This week, I’d like to talk about a controversy of national importance, one that has sparked furious debate, and one that could remap India’s economic future; Barfi or Wasseypur, who should have gone to the Oscars? (The correct answer is of course “I don’t care but can we please put Madhur Bhandarkar in a rocket and send him to space forever?”) I’m kidding. I’d actually like to talk about FDI. The government’s decision to allow FDI in multi-brand retail and aviation has led to much discussion in some of India’s biggest states like Maharashtra, Uttar Pradesh and Vijay Mallya.
But let’s not get ahead of ourselves. I understand that finance and business is not a forte for some of our readers, and the folks who own the Deccan Chargers, so let’s start at the beginning. The first question that comes to mind when dealing with FDI is “No seriously, why not leave Bhandarkar up there forever, so he can never hurt us again?” The second question is “What exactly IS FDI?” According to a senior analyst (Wikipedia), FDI is the direct investment into a country by a company that is originally located in another country. Let’s use a hypothetical (latin for “actually true, but let’s use this word so we don’t get sued”) example. Say, hypothetically, you have a company called the UPA, and it’s based in India, and it takes all its money and invests it in say, hypothetically, Switzerland, then that is FDI.
The second question is of course, what is the full-form of FDI? That’s an easy one. FDI stands for “Goodbye Mamatadi.” Which brings us neatly to question three, which is “Is FDI good or bad?” This is where things get complicated. The pro-FDI argument is that it will help farmers, because it’ll cut out the middle-man and get them better prices for their produce. This argument is suspicious for three reasons:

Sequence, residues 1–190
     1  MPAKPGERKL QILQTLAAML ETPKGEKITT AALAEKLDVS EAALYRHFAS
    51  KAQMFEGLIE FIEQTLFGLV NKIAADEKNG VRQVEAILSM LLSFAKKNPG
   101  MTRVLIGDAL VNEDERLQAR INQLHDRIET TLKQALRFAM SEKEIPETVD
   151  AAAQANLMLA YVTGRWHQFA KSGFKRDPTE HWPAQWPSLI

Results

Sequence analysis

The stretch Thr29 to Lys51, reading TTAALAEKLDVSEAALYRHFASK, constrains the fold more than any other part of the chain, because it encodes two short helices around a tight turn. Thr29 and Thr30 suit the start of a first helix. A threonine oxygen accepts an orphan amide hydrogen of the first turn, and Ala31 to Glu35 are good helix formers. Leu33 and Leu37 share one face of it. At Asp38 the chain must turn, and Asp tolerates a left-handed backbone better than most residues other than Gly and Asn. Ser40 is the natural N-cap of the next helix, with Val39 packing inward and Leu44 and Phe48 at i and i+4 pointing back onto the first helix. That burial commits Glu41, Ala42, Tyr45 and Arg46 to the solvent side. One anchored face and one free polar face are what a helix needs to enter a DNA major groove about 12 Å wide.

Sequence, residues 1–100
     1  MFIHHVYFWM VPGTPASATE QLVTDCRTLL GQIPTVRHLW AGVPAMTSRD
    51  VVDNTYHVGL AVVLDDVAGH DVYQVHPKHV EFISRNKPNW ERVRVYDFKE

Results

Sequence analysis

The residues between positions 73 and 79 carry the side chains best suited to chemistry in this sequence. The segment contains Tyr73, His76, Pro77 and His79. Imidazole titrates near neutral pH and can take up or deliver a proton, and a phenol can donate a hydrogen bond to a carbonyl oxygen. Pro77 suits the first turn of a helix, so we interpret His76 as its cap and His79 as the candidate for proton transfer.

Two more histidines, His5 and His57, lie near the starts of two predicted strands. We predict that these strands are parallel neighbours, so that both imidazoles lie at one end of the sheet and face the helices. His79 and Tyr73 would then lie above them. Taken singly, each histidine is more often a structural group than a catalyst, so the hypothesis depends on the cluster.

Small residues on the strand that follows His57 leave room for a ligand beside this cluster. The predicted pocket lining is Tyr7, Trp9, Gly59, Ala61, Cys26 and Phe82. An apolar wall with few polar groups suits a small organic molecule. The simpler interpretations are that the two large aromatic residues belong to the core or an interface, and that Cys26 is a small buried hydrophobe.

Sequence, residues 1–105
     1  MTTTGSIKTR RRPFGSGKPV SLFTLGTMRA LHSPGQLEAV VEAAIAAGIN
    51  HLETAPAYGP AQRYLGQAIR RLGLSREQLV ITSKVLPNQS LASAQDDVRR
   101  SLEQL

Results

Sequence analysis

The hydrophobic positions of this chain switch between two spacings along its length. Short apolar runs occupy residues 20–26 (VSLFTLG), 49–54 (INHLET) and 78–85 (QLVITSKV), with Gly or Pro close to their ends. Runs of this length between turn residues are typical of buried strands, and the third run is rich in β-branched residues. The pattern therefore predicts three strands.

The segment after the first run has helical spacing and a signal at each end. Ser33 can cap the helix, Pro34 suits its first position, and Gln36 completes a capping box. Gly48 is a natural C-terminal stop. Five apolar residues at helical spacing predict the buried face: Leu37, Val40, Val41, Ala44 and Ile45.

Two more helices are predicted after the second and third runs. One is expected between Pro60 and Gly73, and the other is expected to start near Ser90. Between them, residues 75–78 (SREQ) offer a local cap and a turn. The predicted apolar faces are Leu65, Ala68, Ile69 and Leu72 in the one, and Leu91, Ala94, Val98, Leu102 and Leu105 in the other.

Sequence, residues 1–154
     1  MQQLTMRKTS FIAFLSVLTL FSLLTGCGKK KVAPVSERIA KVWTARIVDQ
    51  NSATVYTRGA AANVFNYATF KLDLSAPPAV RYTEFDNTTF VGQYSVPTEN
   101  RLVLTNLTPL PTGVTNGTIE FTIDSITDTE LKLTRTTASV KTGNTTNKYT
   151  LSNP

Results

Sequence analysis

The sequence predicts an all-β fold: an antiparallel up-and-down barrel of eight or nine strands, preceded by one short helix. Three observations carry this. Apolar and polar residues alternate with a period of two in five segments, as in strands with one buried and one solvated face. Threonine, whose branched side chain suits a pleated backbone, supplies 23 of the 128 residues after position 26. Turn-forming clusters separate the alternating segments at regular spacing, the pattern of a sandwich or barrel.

1.This is India, middle-men are like fingernails. You cut them off, and they just grow back. We will never lose middle-men. Just like love, some intrepid babu will find a way.
2. This news is about farmers. The Indian government cares for farmers roughly as much as Anurag Basu cares about originality.
3. This argument has been made by the UPA, who are about as trustworthy as Prem Chopra in the third act of an 80s film.
Those analogies are not re-assuring. But if the system works, FDI will get farmers better rates for their crops, which in turn will allow them to plant better crops, which in turn will let them make more money, and this will improve the lives of several people, all named Ajit Pawar.
One of the biggest arguments against FDI is that it’ll kill the local kiraana store, with people choosing to shop once a week at Walmart or Tesco instead. It’s a depressing thought, losing Ramnik bhai from down the road to a soulless warehouse I shop at once a week. But (speaking from a consumer’s POV strictly) I don’t think that’ll happen. Because Walmart won’t come to my doorstep at 7 pm for one chocolate. I can’t leave Walmart with 1,983 bucks worth of stuff and tell them I’ll send someone over with the cash tomorrow. But mostly because Walmart will never remember my name, ask how my parents are doing, and send me those amazing little Diwali boxes with badaam, pista and kaaju in them (Ramnik bhai, this year salted please!)
The UPA has, rather conveniently allowed states to chose whether they want FDI or not. Uttar Pradesh is skeptical, Punjab says no (“We already have Black Label, that’s all the foreign stuff we need”), West Bengal says “Your mother is maoist” and Maharashtra, which has a whopping 50 per cent of all major cities that could benefit from FDI-funded retail, has said “YAY SHARAD KAKA! MORE MONEY FOR US!”
So in the end, is FDI good? Or is it bad? Honestly, there’s really only one answer, and it is this; Screw FDI, Madhur Bhandarkar needs to be shot into space forever. Now.
Rohan Joshi is a writer and stand-up comedian who likes reading, films and people who do not use the SMS lingo. You can also contact him on www.facebook.com/therohanjoshi